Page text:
• Where to Find Authentic Portuguese Food in Newark

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    Starting in the 1950s, due to political instability and economic hardship at home, a large number of Portuguese immigrants moved to the east coast of the U.S. to find new economic opportunities. Many of them settled in Newark’s Ironbound district, along Ferry streets, working in light manufacturing such as textile and chemical processing. This closely-knit neighborhood is near  Newark Penn Station and is aptly nicknamed “Little Portugal.” According to a The Washington Post article from 2014, “Newark’s Ironbound district…witnessed an influx of Portuguese immigrants in the mid-20th century…[Today,] businesses owned, operated and influenced by the Portuguese continue to give the Ironbound an Iberian flair.”

    In the present day, the influx of Portuguese immigration has slowed, but immigrants from Brazil, Ecuador, and other Latin American countries continue to move in, giving the neighborhood a vibrant and diverse social, commercial, and cultural atmosphere. Here’s more about the authentic Portuguese culinary experiences in the Ironbound Newark neighborhood —  easily accessible by PATH from the Hudson County area. Read on to discover where to find authentic Portuguese food in Newark.

    For Formal Meals

    Sabor Unido {77 Jefferson Street}

    sabor unido newark

    {Photo credit: @saborunido}

    At Sabor Unido, you can find the most typical grilled seafood dishes the same way you’d find them in a Lisbon neighborhood restaurant. They’re thrown on the griddle —  plentiful meaty cod, sweet sea bass, or fat sardines, drizzled in olive oil, and garnished with flavorful herbs or relishes. It is worth mentioning that every Saturday, Sabor Unido offers a lunch special of feijoada, a Brazilian meat and bean stew with smoked sausage, tasty bits {such as pork feet and ears}, and salted tenderloin, braised to a melting tenderness, accompanied with rice, chicharron {fried pork skin}, collard greens, and ever-delish yucca fries. The portions are huge, so come hungry. One serving of feijoada can easily satisfy and still leave plenty to take home, even if you’re hungry. And yes, fiojada is almost always better as a leftover.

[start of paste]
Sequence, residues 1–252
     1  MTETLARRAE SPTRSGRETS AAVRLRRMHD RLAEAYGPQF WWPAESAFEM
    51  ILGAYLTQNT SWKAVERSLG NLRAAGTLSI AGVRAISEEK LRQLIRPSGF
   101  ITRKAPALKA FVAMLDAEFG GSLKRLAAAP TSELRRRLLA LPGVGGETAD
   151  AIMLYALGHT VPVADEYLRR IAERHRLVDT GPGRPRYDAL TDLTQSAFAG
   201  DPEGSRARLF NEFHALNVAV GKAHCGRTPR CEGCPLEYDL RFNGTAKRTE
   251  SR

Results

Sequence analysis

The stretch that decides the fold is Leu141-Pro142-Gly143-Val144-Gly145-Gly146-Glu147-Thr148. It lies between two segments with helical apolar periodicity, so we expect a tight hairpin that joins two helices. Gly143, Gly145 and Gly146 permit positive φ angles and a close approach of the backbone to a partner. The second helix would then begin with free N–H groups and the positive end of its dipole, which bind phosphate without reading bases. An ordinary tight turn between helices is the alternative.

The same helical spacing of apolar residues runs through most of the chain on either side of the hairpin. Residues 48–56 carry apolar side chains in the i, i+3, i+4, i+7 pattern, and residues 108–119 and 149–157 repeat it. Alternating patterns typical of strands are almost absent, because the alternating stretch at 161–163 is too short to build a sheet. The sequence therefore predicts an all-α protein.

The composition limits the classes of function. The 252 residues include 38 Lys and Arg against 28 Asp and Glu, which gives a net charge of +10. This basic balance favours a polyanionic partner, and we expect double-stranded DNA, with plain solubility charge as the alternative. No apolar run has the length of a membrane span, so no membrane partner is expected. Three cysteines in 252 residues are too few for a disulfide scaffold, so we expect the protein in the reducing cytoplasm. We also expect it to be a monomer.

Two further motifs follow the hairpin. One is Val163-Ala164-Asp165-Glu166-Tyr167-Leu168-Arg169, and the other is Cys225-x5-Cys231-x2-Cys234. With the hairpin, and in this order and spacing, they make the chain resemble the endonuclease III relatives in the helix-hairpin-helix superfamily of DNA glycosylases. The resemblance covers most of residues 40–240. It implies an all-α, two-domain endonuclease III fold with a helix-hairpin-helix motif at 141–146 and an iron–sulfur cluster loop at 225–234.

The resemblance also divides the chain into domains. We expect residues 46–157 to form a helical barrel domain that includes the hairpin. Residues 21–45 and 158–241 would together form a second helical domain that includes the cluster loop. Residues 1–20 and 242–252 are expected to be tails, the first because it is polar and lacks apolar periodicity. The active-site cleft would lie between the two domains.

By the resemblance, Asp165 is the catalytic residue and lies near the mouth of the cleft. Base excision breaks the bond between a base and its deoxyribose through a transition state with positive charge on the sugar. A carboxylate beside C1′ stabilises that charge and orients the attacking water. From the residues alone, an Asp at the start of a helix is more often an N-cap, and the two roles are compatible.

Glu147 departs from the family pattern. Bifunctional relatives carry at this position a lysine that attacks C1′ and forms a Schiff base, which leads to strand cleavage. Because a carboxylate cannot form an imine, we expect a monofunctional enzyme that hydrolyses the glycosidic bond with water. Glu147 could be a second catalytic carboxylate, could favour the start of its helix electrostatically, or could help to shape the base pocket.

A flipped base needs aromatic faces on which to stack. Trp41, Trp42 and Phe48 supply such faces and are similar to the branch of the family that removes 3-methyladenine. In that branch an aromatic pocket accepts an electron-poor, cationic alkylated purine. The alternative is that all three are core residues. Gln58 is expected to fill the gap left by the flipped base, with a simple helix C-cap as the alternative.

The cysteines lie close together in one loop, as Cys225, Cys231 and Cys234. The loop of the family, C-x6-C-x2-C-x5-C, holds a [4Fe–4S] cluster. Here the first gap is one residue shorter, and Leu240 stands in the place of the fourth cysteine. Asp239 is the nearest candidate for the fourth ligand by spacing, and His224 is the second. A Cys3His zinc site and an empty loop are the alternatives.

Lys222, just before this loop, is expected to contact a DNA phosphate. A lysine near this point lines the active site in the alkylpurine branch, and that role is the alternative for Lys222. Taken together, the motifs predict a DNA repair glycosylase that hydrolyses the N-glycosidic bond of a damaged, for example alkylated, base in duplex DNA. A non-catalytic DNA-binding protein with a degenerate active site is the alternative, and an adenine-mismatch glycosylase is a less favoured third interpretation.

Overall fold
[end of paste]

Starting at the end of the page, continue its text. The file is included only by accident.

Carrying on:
Seabra’s Marisqueria {87 Madison Street}

    Seabra’s Marisqueria serves a wide variety of Portuguese food family-style — small plates of crunchy fried anchovies or calamari, heaping piles of grilled fish and/or meat, or hearty shellfish stews. Obviously, the specialty is seafood. A favorite among local Portuguese families is bacalhau a lagareiro aka salted cod drenched in olive oil, served with vegetables and boiled potatoes. Another noteworthy dish is the mariscada — lobster, clams, mussels, shrimp, and scallops braised in a tomato-based stew, with a touch of cognac, served in a steaming copper pot. Get there early for weekend lunches. The place fills up quickly with families after Sunday mass at churches nearby.

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    For Cocktails

    Adega Grill {130 Ferry Street}

    Adega Grill is perhaps the favorite local spot for after-work drinks or weekend night gatherings. The restaurant offers a sprawling wine list of 180 selections, with a wide variety of Portuguese wines. Come on a Friday or Saturday night and first stop by the electric bar area, order glasses of Portuguese wine, or sangria poured directly from wooden barrels, and share a tapa of camarao a guilho, shrimp sauteéed in olive oil, with a touch of lemon and garlic, or chourico assado {grilled Portuguese sausage}. Then move on to the dinning room for a more formal dinner of grilled seasonal seafood, paella, or steak. The restaurant also accommodates special occasions or large gatherings, such as small weddings or birthday parties. The varied selection of dishes and large portions will surely satisfy even the pickiest eater in your party.